This sounds like a statement from a decade ago. There isn't any "growing recognition". By the mid-90's virtually all stock photo buyers were well aware that "'off the shelf' images are cheaper, faster, and easier to obtain than shooting images from scratch." Since then the only question has been whether buyers could find the images they need in stock. Often they can't find the right image on Getty so they end up going to another site.

5 - A compelling business model that combines double-digit sustainable revenue growth, growing visibility from the push toward subscription contracts, tremendous operating leverage, and minimal ongoing investment needs.

    Given the competition coming from other major image suppliers (Corbis and Jupiter) it is questionable as to how "sustainable" that double-digit revenue growth will be. Corbis also has a tremendous push toward subscription contracts and with the new content they have been acquiring could be a much stronger competitor. Jupiter has a lock on content for the low end subscription market and it will be very tough for Getty to develop an offering that will take share from Jupiter without converting a segment of its existing RF customers to lower priced subscriptions. This is not necessarily a good thing for revenue.

    It also may be difficult for Getty to maintain its existing operating leverage as image partners refuse to accept ever lower percentages of the revenue generated by their images, and, in fact, start pressuring for higher percentages. Getty's costs may increase as they are forced, as a result of their new acquisitions, to go back to creating a greater percentage of their new images themselves. If they focus on getting a greater percentage of their images from image partners they may find that they have to give the partners a larger percentage (affecting their margin) in order to keep them out of the hands of Corbis and Jupiter.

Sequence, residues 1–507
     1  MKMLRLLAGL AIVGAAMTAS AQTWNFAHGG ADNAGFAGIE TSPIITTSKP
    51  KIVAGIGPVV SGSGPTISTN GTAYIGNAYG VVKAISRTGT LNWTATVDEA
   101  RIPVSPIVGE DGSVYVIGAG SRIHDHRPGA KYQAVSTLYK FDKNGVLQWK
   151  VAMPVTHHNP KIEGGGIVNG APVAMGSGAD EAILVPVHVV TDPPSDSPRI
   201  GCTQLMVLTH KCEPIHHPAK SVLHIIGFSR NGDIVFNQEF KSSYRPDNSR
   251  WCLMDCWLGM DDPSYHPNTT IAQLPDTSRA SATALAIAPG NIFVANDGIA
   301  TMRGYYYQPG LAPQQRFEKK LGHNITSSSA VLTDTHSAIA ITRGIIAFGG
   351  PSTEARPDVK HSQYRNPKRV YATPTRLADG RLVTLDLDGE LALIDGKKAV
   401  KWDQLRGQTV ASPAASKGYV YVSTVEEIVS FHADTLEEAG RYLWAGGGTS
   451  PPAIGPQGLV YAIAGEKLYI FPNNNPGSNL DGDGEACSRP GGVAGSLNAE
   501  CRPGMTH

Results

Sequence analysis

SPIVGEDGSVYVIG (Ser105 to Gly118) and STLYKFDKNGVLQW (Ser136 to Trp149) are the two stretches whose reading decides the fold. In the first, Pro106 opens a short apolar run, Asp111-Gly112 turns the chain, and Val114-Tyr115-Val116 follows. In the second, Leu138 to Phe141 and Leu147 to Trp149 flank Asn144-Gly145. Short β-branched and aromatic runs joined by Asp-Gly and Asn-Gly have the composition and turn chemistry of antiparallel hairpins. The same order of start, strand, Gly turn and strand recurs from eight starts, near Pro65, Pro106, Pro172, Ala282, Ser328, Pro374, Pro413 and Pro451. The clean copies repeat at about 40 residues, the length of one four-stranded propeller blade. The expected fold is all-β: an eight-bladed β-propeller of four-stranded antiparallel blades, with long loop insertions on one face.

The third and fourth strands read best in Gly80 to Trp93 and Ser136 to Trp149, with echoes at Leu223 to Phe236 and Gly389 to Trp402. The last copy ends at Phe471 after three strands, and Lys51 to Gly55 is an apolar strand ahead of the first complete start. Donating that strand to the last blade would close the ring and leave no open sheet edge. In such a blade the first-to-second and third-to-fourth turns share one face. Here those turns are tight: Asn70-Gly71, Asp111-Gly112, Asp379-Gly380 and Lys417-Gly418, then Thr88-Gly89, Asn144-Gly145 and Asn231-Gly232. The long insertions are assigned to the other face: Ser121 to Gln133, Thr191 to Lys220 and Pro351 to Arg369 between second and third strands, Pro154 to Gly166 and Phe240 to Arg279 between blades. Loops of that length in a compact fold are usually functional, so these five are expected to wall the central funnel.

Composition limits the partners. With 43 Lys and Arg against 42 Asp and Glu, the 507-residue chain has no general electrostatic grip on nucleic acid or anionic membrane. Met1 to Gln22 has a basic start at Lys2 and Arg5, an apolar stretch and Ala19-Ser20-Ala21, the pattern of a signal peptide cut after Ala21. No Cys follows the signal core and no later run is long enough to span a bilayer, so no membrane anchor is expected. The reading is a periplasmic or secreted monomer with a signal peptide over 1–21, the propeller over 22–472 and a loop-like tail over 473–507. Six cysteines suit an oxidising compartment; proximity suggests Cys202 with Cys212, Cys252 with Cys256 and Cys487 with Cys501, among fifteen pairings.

6 - Favorable competitive landscape as Getty's nearest competitor is roughly half its size, and many smaller providers derive a healthy portion of their revenue through Getty's Web site. A strong network effect, in our view, will continue to raise barriers to entry, keep competitors at bay, and drive traffic to Getty's site as the de facto standard for image content.

    Given what Corbis and Jupitermedia have been doing in the last few months, I would not say it is a favorable competitive landscape. It seems to me that there are strong indications that both of these competitors are likely to grow at the expense of Getty. The small providers that "derive a healthy portion of their revenue through Getty" are very nervous about working with Getty, and aggressively looking for other options.

    Finally the barriers to entry are becoming less and less for the medium sized suppliers and not only the two majors, but several others are looking like they could take market share in their regions.



7 - Experienced, strategically sound management team that has managed Getty through a phase of multiple, rapid acquisitions has positioned the company to reap the rewards of market leadership. We believe the team has far-ranging but sensible goals for the business and the brand, understands Getty's core competencies that will drive growth, and is disciplined in making acquisitions or investment to extend those competencies.